By Joe Grana
When I was in school, a chapel speaker predicted that preaching would not exist by the year 2000. He was partially correct: preaching as we “knew it then” does not exist. And that probably is good.
However, preaching is not out of vogue. The foolishness of preaching Paul described (1 Corinthians 1:18-25) was not the act of preaching, rather, it was the message of the cross that seemed foolish to those perishing, but the power of God to those being saved.
So it is today. Preaching the cross will continue to impact lives, but the way it is done will need to continue to change. The North American Christian Convention developed the theme of “It’s Time,” and this year’s preaching demonstrated that reality.
It’s time to listen up, speak up, get connected, reach out, risk, and celebrate. That message preached with the focus of church planting came through loud and clear. Here are some of my thoughts and opinions about the preaching.
Hear and See
I sensed a balance in the use of media and narrative.
Most people connect with visual presentations. The prophets referred to a plumb line, rotten fruit, and a wayward wife. Jesus pointed out birds, grass, and trees. In medieval times traveling drama groups depicted biblical stories. Cathedrals were built with stained-glass windows.
Today we have PowerPoint and video. These media were used in appropriate and helpful ways. I believe some preachers rely too much upon these forms of communication. Others, however, are afraid to try. Balance is the key. People want to hear and see. But I have mixed feelings about putting the Scripture and text on screen. It’s good that everyone can see it, but the negative is people don’t open their Bibles. If I am not preaching, I don’t usually take my Bible because I know it won’t be needed. What does that subtly convey to those worshiping?
Tell a Story
Much of the NACC preaching this year was narrative in nature. Sometimes this was a form to tell the text. Usually, however, the narrative was a contemporary life story of the preacher or of how God worked through another person’s life.
Jesus, of course, perfected storytelling. His storytelling kept people spellbound and curious and sometimes made them angry when they understood the point.
Narration/storytelling is an effective means of preaching in our culture. The postmodern world loves a good story. It is wise to connect God’s story with our story, and to overlap it with another’s story! Scripture is his story. Our faith is a journey of a story. God’s story is still powerful today!
Interspersed in this year’s preaching were what I call “zingers.” I like zingers. They are one-liners strategically placed in the middle of the narrative. Here are just a few I gleaned from this year’s preaching:
“God gives vision and provision.”
“Trust is needed, not clarity.”
“Faith and fear cannot coexist.”
“You will have conflict, but you cannot run.”
“When you get to the end of self, you are at the beginning of himself.”
“Don’t go to church, be the church.”
“Tell them what they need, not what they want to hear.”
“Do I need a ticket to get into church?”
“It takes longer to grow a tree than a man.”
“Plant churches so people can climb into the branches.”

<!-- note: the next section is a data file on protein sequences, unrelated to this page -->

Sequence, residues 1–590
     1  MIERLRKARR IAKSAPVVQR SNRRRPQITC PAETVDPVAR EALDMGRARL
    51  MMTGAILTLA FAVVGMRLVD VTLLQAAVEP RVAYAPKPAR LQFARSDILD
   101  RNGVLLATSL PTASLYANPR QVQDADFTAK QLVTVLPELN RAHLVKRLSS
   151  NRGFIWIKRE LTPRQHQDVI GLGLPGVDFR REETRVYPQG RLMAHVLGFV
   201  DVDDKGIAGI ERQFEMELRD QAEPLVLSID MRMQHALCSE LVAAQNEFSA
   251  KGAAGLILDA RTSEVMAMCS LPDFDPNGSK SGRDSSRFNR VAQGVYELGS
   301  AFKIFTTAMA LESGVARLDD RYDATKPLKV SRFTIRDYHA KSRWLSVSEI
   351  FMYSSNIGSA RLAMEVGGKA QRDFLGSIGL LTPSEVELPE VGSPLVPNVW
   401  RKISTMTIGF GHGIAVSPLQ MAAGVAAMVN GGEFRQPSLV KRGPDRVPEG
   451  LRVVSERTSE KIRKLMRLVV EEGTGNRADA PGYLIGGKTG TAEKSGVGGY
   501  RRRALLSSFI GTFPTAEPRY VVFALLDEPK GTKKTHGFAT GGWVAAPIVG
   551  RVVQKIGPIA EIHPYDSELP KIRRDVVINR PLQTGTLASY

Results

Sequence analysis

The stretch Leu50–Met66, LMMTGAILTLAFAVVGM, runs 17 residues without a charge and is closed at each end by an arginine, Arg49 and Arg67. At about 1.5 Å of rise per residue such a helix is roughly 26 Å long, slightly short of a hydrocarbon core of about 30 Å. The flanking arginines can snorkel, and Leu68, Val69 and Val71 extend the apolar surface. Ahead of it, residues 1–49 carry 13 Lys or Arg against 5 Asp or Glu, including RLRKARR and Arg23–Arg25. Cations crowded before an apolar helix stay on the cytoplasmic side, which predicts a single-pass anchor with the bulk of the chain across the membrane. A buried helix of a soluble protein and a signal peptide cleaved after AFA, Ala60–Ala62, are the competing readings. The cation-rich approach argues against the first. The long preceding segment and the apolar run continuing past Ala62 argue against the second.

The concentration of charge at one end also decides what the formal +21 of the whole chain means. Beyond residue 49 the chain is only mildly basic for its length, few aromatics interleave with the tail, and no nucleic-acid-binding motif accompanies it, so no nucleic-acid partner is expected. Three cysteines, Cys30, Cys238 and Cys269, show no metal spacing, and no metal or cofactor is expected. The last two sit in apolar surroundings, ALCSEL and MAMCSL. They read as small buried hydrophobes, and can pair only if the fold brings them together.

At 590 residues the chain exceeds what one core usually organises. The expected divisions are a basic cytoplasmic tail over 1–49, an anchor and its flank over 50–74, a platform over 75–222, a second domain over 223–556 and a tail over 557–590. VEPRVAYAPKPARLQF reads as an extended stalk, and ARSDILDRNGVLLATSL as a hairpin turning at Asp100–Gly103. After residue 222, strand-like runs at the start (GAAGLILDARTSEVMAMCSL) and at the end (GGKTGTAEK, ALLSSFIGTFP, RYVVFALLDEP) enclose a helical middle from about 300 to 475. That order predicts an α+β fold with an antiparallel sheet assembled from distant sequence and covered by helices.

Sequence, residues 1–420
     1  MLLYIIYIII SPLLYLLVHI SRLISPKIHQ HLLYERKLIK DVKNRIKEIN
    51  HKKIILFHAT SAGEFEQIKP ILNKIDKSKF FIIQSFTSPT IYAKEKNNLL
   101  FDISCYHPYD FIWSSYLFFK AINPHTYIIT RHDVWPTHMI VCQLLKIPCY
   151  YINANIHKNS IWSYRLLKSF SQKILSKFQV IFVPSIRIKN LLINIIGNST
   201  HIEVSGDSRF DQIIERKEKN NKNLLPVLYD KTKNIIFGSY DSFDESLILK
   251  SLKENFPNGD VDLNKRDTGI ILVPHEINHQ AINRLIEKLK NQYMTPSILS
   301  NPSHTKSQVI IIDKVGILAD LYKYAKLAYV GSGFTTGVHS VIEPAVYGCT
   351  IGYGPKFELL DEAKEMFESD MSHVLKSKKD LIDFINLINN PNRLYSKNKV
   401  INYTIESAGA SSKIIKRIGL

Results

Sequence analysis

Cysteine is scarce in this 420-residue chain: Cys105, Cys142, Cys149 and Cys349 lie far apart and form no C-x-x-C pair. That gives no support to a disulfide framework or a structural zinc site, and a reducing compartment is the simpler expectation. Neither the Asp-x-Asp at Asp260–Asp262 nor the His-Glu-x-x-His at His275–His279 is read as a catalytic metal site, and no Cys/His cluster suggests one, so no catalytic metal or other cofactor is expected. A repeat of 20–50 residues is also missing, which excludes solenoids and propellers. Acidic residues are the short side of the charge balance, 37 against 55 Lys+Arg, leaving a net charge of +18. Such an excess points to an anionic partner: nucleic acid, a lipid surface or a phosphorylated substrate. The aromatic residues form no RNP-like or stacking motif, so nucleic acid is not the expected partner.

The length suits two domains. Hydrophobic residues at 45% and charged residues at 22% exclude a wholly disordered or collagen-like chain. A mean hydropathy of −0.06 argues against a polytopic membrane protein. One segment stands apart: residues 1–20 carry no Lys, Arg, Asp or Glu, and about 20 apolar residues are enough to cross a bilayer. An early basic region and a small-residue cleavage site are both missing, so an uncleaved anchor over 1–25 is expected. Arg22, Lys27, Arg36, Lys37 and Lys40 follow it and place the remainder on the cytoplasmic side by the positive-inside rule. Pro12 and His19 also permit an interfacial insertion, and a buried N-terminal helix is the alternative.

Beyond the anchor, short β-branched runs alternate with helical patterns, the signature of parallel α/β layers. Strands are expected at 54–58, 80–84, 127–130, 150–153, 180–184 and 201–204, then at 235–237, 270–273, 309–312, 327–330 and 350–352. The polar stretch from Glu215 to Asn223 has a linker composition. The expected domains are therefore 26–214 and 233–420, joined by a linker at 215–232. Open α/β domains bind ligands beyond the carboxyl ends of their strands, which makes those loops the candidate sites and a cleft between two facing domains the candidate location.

“You don’t have to retreat to have a positive response from the Word.”
“Don’t dwell in the past and don’t denigrate the past.”
Inspirational or Scriptural?
In context these, and others, are insightful and challenging phrases.
That idea of context, however, leads me to another aspect of preaching. In today’s church we find a lot of prooftexting. The text is quoted to make the point, rather than the point coming out of the text. This year’s sermons were biblically and theologically sound—for the most part. (There were, in my opinion, a couple incidents of “stretching the text.”) However, there was little real exegesis. The text supported ideas rather than giving ideas.
Now, I never say never. I have preached messages like that too. As a rule, I tell the congregation I am not preaching a sermon today, for which they usually applaud. I tell them my intent is to share concepts on my heart that I think are helpful.
Most people, unfortunately, do not see the difference when I am through. Perhaps they have not heard enough biblical sermons. I, at least, feel better since these messages are more what I am saying than what God is saying, regardless of how biblically sound.
Maybe inspirational instead of scriptural is OK for the NACC. That approach is not bad or wrong. Maybe we should just be clear about it. Some years, NACC themes have been developed leading us through a book of the New Testament. This approach can present a model of sound biblical preaching.
Talk, Don’t Shout
Another important element of preaching is how the word is communicated.
I tell my students that preaching is an extended conversation. One should preach as one would converse. The difference is that some methods of oratory can help convey the message more effectively.
Shouting is seldom helpful. Perhaps it was the sound system. Perhaps it was passion. I know at times of passion I can be too loud or, especially, speak too fast. However, constant loudness can diminish effectiveness. This happened sometimes this year. Variety is the key.
Overall, I was blessed by the NACC preaching. The messages were inspiring, informational, challenging, and encouraging. Each preacher shared his heart. Each one developed his part of the theme.
The focus of church planting is critical to the expansion of God’s kingdom. Church planting deserves major emphasis. Every church and every Christian can participate in church planting. We can pray, give financial support, and partner with others. No church is too small and no Christian is too isolated to participate.
Joe Grana chairs the church ministry department at Hope International University, Fullerton, California.